A collaborative approach by the federal government and some state governments will look to protect and restore native fish populations in the Murray-Darling Basin.
The Native Fish Recovery Strategy is being developed by the federal government and the Basin's state governments, and a draft version is now open for public feedback.
The strategy has been created with input from Basin states, First Nations people, aquatic ecology experts, and Basin community members.
Information and ideas about existing efforts to support native fish and future initiatives were gathered through workshops and advisory meetings to create a fresh, coordinated approach to recovery.
According to the Murray-Darling Basin Authority (MDBA), the federal government, in working with the Basin state governments, has pledged $5 million to the strategy.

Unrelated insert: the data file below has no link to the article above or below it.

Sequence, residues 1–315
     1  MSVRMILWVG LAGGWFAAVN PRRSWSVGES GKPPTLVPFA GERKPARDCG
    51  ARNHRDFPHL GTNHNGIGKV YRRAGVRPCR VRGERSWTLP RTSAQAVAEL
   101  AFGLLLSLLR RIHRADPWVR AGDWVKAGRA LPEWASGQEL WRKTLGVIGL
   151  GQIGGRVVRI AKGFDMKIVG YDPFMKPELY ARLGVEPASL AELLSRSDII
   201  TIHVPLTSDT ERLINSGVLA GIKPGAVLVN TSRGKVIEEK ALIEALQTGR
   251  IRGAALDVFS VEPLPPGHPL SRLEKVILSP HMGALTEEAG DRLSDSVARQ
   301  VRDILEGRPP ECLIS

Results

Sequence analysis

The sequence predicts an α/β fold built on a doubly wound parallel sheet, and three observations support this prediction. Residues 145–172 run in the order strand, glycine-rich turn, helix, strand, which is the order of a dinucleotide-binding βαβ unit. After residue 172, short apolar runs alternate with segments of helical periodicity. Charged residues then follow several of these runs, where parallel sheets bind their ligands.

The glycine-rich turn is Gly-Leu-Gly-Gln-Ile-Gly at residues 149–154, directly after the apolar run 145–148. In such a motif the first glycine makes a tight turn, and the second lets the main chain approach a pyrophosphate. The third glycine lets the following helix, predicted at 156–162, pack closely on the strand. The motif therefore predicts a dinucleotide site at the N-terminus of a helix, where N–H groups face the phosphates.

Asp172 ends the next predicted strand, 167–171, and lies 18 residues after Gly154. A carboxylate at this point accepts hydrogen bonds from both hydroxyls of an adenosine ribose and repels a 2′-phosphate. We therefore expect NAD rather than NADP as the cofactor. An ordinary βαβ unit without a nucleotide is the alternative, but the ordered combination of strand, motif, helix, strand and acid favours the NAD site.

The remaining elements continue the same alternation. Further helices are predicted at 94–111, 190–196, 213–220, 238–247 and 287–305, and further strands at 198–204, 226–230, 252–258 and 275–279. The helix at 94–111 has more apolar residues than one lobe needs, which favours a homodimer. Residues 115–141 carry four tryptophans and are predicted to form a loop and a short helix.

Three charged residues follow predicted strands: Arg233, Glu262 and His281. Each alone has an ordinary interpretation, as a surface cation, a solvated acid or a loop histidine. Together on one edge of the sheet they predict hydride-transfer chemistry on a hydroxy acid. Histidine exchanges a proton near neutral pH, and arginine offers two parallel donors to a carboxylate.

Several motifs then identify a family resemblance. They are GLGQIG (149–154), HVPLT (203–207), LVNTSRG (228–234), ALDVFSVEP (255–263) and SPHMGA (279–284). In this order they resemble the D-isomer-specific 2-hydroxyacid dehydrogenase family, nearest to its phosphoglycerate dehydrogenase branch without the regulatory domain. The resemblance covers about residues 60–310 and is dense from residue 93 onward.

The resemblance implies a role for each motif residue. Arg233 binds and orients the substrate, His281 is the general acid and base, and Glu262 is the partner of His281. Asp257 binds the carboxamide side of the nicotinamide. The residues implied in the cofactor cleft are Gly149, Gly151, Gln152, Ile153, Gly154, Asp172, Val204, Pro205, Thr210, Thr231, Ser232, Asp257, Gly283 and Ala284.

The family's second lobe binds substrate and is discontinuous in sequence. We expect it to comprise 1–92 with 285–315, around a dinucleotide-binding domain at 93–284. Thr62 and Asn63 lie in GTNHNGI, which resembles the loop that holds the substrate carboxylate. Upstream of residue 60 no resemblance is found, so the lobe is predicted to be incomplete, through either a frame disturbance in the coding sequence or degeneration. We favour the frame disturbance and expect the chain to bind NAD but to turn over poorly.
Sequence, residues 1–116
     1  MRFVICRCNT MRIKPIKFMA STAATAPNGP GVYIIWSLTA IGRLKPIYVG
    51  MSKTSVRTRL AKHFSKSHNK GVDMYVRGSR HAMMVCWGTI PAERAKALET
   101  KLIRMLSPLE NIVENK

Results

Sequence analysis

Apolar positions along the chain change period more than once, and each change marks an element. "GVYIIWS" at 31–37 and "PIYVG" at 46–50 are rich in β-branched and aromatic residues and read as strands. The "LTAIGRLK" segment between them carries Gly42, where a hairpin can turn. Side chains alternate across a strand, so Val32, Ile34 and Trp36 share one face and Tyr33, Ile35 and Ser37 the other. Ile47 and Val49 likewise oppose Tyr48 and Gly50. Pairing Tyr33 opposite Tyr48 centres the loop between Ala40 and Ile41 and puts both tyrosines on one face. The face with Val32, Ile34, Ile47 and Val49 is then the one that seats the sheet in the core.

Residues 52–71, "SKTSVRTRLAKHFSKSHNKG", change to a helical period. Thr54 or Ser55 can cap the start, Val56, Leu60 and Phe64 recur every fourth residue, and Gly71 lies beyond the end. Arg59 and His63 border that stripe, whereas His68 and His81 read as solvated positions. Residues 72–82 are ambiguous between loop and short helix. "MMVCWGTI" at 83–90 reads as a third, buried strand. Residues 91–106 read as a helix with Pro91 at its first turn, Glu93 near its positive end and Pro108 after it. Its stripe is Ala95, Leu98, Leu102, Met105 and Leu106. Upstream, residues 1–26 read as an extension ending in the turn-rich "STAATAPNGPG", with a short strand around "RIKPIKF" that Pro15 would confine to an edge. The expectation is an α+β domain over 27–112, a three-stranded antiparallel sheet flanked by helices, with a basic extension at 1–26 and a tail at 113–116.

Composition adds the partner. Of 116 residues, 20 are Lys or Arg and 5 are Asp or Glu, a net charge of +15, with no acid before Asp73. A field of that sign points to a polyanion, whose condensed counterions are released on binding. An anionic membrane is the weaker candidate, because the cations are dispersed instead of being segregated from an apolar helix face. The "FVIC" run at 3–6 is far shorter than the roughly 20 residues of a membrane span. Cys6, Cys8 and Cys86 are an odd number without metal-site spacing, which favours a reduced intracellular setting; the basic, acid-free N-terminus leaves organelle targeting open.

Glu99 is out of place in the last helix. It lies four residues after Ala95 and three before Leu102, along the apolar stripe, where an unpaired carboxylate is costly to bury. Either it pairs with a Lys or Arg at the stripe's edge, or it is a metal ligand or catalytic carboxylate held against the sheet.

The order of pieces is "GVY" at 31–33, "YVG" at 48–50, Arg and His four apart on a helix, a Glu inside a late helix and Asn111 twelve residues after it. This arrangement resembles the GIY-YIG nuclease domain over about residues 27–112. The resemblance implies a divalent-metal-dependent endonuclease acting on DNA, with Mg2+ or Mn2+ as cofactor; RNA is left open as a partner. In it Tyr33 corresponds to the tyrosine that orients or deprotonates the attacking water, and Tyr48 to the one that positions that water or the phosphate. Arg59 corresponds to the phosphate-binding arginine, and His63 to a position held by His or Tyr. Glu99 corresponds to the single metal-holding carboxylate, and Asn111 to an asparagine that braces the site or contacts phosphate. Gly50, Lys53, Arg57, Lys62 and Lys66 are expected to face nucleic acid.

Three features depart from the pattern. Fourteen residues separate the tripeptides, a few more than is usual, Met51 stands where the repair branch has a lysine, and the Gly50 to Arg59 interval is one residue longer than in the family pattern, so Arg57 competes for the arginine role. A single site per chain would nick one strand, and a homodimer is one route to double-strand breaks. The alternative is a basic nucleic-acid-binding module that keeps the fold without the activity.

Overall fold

"Over the past few years native fish in the Basin have faced tough conditions including widespread drought, reduced water availability and more recently, the effects of intense bushfires," the MDBA's Get Involved website said.
"Water managers know that native fish are one part of a larger living, connected system and work needs to be done to protect these species."
The release of the draft strategy gives people across the Basin another opportunity to help shape the outcomes, actions and priorities needed to help the recovery of native fish.
"For this strategy to succeed it is vital that the priorities and needs of all stakeholders are reflected within this strategy," the MDBA said.
"This feedback will be incorporated into the final strategy in coming weeks, which will be released in May 2020.
"We aim to build enduring partnerships with communities to design and implement on-ground actions for our native fish."
Online submissions are open from March 10 to April 6.
View the draft strategy at https://getinvolved.mdba.gov.au/native-fish-strategy or call the engagement hotline on 1800 230 067 for more information.